Having ascertained this to my satisfaction, I immediately sent for the mason of the village, who played the clarionet in the church, also his son, who was ‘one of the fiddles’, and consulted with them as to how this matter was to be accomplished. They, being in want of work at the time, readily advised me in favour of restoration. The churchwarden (the ‘bass viol’) said ‘that he had no objection to this proceeding, but that he would not be responsible. In two months,’ he added, ‘would be the annual vestry meeting.’ ‘That will do,’ I said, interrupting him and I made up my mind that I would at once restore the church, and let the parishioners come and see it then.
Having made all necessary preparations, we commenced one fine Monday morning with repairing the roof and walls and while the men were employed outside, we took out the windows and opened all the doors, to let the wind blow through, that the interior of the building might be thoroughly dried. This done, we next coloured the walls, also the stone arches and pillars (they were far too much broken to display them) and having cleaned the seats and front of the gallery, we stained and varnished them, matted the floor, carpeted the sacrarium and procured a new cloth for the Communion Table, and also for the pulpit and reading-desk.
All this being completed, I painted texts with my own hands on the walls, in old English characters. I had great joy in writing these, for I felt as if it was to the Lord Himself, and for his name, and finished with Nehemiah’s prayer, ‘Remember me, O my God, concerning this and wipe not out my good deeds that I have done for the house of my God, and for the offices thereof’ (Neh. xiii. 14).
Altogether, it was a pretty church now, and a pretty sum was to be paid for it. I told the vestry that I alone was responsible, but that the Vicar had promised to pay one half if the vestry would pay the other. It seemed to be such a joy to them to get anything out of him, that they made a rate at once and upon the Vicar’s letter, raised the money and paid off the debt.
The people were much pleased with their church in its new aspect, and brought their friends and neighbours to see it. Besides this, I observed something which gratified me very much. It was that when they entered the church they did so with reverence, taking off their hats and walking softly, in place of stamping with their heels and coming in with their hats on, as they too often had previously done, without any respect or concern whatever. A neglected place of worship does not command reverence.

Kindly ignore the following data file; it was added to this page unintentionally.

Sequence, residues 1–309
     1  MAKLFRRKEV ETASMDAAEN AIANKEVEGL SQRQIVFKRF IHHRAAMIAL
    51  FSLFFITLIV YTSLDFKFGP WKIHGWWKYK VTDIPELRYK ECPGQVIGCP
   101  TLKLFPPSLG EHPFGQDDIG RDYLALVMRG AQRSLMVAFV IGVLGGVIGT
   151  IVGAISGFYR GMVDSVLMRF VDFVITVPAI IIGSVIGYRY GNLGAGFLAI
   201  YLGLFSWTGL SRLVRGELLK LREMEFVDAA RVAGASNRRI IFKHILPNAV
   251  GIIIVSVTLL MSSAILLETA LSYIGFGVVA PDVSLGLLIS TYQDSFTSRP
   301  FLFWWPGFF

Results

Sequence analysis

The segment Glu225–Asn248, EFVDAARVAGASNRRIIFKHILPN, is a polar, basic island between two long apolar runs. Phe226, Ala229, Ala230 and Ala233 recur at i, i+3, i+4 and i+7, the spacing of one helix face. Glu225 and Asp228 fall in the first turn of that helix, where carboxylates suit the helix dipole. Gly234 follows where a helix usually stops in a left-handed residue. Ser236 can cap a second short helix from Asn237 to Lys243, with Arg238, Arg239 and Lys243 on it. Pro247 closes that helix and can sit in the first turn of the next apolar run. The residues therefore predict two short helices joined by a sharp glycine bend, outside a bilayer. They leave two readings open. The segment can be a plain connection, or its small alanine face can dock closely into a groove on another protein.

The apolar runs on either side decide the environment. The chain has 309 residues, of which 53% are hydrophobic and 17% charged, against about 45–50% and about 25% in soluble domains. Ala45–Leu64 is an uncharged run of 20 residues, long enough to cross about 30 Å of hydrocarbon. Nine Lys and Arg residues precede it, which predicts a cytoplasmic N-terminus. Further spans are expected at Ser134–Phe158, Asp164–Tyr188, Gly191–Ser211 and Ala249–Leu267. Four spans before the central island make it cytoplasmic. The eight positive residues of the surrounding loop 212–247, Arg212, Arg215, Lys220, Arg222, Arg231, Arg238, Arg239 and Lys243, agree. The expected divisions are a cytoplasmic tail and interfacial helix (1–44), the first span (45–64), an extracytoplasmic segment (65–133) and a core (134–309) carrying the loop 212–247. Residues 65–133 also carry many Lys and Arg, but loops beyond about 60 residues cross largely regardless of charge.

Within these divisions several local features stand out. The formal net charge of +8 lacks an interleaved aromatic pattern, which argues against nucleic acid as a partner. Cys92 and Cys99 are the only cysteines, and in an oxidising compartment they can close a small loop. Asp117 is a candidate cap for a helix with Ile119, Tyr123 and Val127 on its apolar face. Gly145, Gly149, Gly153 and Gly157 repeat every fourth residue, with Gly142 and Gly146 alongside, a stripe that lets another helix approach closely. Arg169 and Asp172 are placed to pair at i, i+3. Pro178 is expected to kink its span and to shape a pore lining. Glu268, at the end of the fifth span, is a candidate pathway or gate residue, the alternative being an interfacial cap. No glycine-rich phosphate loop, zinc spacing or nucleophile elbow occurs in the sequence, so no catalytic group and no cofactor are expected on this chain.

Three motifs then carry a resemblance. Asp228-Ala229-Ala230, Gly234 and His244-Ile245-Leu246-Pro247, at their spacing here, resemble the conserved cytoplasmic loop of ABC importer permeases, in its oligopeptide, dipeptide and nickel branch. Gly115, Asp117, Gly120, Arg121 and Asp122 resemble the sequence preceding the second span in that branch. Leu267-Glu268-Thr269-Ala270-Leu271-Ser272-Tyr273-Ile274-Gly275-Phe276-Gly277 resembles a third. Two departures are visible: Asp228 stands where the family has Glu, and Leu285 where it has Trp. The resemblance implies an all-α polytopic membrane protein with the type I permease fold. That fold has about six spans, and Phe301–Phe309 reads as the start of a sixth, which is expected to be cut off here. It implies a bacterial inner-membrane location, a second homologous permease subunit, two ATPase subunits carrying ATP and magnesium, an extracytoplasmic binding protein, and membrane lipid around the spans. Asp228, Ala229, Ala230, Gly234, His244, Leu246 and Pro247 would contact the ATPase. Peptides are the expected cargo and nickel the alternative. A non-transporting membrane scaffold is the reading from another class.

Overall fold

My church now began to be the talk of the neighbourhood., Numbers of people came to see it, and among them several clergymen, who asked me to come and restore their churches.
There were many places where the people could not afford to rebuild the structure. In such, I was invited to exercise my skill in repairing, as I had done with my own in others, I was asked to give designs for restoring portions of the edifice and in some, for rebuilding altogether. In this district, schools were not built nor parsonage-houses enlarged without sending for me.
For several years I was looked upon as an authority in architectural matters. I rode about all over the county from north to west, restoring churches and designing schools, and was accounted the busiest man alive and my horse, my dog, and myself, the ‘three leanest things in creation,’ we were to be seen flying along the roads, day and night, in one part or another.
The Bishop of Exeter, who at that time presided over Cornwall, appointed me to make new, ‘Peel’ districts (the Peel districts were the new ecclesiastical districts created under the Church Extension Act, introduced by Sir Robert Peel). I designed nineteen, and made all the maps myself, calling on the Vicars and Rectors for their approbation. I was at this time a very popular man, and it was said that ‘the Bishop’s best living’ would be given to me in due time.
Another thing which raised my name in and beyond the county was the ‘Lost Church’ at Perranzabuloe. There was an old British church existing in some sand-hills in the parish, and it was said to be entire as far as the four walls. The hill under which it was buried was easily known by the bones and teeth which covered it. The legend said that the patron saint, St. Piran, was buried under the altar, and that close by the little church was a cell in which he lived and died. This was enough. I got men, and set to work to dig it up. After some days’ labour we came to the floor, where we discovered the stone seats, and on the plaster of the wall the greasy marks of the heads and shoulders of persons who had sat there many centuries ago. We found the chancel step, and also the altar tomb (which was built east and west, not north and south). It was fallen, but enough remained to show the original shape and height of it.